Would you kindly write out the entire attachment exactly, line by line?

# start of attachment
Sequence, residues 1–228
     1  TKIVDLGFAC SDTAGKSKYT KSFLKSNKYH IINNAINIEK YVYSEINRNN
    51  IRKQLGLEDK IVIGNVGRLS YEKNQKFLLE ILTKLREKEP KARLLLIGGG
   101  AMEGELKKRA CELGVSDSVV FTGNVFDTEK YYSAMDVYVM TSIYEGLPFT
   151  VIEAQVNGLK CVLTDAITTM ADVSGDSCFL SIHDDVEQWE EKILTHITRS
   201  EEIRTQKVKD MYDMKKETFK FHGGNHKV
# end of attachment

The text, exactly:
Sequence, residues 1–228
     1  TKIVDLGFAC SDTAGKSKYT KSFLKSNKYH IINNAINIEK YVYSEINRNN
    51  IRKQLGLEDK IVIGNVGRLS YEKNQKFLLE ILTKLREKEP KARLLLIGGG
   101  AMEGELKKRA CELGVSDSVV FTGNVFDTEK YYSAMDVYVM TSIYEGLPFT
   151  VIEAQVNGLK CVLTDAITTM ADVSGDSCFL SIHDDVEQWE EKILTHITRS
   201  EEIRTQKVKD MYDMKKETFK FHGGNHKV